Is India actually underweight?
The financial turmoil rocking the world has spawned many theories. One of them is that Asia will remain relatively insulated from the subprime crisis affecting the West. The other is that Asia cannot go unscathed in a globalized economy, and that capital—in the ultimate analysis—remains global.
One such study by Citi Investment Research shows India not to be as attractive an investment opportunity right now, compared with many other Asian economies. In its report dated 24 September, Citi puts India and China as extremely unfavourable investment destinations. It arrives at this conclusion on the basis of data it has gleaned from MSCI (Morgan Stanley Country Index).
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But market watchers say such a view could witness a total reversal six months later.
Market watchers say India could become an extremely favourable investment destination once again—once parliamentary elections are over by the middle of next year. Their reasoning is based on several factors. They point to the inevitable consumption boom that India’s new urban centres are bound to generate. They also point to the relative insulation of Indian banks to the subprime crisis. And they also point to the inevitable revival of the Indian rupee contrary to the inexplicable manner in which it began weakening almost six months ago even while the dollar was weakening, and while India’s gross domestic product (GDP) growth rates had not yet started slipping, or inflation indices climbing up.
The fall of the rupee, they add, is typical of the way the rupee behaves each time national elections are announced, when money reportedly comes back from secret accounts held overseas into this country. Plotting a chart juxtaposing parliamentary elections and the rupee-dollar rate can be a very interesting exercise, they add. That could explain the continued flow of dollars back into India even today.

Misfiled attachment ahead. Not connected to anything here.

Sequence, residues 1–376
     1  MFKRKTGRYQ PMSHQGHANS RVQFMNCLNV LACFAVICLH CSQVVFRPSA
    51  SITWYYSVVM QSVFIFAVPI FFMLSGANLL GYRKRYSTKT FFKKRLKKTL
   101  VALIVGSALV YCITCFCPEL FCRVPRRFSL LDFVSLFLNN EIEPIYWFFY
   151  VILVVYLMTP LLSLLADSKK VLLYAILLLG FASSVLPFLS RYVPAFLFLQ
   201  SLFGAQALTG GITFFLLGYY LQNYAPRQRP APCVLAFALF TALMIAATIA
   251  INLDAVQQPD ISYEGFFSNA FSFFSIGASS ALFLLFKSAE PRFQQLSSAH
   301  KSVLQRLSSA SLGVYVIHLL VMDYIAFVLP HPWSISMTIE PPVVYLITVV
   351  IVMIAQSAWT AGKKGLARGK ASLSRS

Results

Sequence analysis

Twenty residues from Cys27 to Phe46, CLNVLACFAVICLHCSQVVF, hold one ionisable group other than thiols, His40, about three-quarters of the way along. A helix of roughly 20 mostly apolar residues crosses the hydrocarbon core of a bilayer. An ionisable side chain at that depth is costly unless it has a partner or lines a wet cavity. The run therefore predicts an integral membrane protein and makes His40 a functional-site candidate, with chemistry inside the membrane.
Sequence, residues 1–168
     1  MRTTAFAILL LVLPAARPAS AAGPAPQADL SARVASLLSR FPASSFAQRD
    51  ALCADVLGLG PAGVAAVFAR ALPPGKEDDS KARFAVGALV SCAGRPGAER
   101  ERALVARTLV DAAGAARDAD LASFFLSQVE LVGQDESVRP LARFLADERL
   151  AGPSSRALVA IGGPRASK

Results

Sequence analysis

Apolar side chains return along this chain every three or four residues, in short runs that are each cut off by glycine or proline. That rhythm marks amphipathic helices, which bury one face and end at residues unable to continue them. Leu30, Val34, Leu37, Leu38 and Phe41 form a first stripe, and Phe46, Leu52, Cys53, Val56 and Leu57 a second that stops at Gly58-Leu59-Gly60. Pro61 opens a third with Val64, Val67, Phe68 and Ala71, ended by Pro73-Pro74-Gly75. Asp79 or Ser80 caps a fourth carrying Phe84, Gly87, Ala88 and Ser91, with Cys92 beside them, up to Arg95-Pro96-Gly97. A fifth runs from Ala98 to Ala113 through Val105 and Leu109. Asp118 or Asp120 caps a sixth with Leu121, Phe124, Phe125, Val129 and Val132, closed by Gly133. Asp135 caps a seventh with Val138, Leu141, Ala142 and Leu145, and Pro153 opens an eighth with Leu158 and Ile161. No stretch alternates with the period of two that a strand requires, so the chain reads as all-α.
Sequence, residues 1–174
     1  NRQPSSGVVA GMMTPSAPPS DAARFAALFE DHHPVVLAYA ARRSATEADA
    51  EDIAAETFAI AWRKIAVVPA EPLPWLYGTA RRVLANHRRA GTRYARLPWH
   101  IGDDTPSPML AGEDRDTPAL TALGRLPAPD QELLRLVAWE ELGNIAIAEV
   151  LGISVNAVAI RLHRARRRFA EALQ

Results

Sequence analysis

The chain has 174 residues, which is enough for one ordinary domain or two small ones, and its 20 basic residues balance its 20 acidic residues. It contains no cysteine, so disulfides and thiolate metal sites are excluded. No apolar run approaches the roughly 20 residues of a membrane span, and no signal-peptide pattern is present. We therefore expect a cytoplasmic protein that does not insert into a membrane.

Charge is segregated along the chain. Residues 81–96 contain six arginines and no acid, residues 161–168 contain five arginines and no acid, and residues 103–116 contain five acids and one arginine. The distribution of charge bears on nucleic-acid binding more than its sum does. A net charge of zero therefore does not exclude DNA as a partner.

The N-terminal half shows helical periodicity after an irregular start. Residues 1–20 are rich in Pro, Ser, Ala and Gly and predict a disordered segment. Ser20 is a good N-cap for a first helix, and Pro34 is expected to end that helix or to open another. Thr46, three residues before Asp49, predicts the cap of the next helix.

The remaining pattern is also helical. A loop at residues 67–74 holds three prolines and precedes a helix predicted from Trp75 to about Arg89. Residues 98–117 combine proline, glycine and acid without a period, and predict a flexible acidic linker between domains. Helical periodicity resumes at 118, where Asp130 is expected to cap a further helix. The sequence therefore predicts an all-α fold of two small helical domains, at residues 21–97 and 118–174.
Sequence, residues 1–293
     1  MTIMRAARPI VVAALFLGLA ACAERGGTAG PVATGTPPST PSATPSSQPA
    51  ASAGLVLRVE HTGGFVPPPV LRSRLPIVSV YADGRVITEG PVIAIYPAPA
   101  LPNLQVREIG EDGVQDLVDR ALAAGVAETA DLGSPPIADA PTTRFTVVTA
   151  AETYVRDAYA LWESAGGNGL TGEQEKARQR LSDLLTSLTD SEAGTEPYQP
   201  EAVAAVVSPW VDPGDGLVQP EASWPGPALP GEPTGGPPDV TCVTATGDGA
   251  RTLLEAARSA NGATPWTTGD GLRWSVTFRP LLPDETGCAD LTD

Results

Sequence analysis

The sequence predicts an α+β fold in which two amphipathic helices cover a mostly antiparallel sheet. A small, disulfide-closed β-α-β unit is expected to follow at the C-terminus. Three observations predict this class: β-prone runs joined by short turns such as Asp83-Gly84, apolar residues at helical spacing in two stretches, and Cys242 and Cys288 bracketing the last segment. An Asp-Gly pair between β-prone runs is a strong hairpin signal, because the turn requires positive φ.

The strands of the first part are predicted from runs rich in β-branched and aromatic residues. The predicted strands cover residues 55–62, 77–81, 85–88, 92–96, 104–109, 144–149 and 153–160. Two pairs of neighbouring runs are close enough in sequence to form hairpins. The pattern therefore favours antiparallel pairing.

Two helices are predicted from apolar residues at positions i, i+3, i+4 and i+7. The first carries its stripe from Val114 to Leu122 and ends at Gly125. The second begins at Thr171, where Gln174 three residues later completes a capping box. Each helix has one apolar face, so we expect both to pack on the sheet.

Such a view is confirmed by Ajay Shah, economist and senior fellow, National Institute for Public Finance and Policy, New Delhi: “RBI is one of the poorest performing banks of the world in international rankings of transparency”. Shah says that the solution could lie in reforming “the monetary policy process and all aspects of data disclosure”.
“Exchange rate pegging leads to a loss of monetary policy autonomy,” he adds, and that the “election cycle in monetary policy serves to increase macroeconomic fluctuations, [and that] it should be immune to the compulsions of getting re-elected”. He says that the reforming of RBI may get done in three to four years, but sceptics think it could take a bit longer, because the temptations of power and greed are not renounced that easily.
Consequently, most marketmen believe that this propping up of the dollar will stop after the elections. A good indication could come in a few months as a result of dollar/rupee futures trading that began on 1 October. Post-elections, interest rates are expected to be lowered, and economic growth given an impetus. And the negative outlook for India’s markets could then begin to see a change. Moreover, since investors love investing in a country where they can benefit from the double bonanza of returns from investing in undervalued stocks, on the one hand, and an appreciating local currency, on the other, you can be reasonably sure of a revived FDI inflow... Money will need to be parked somewhere, and India is likely to be a relatively more comfortable destination.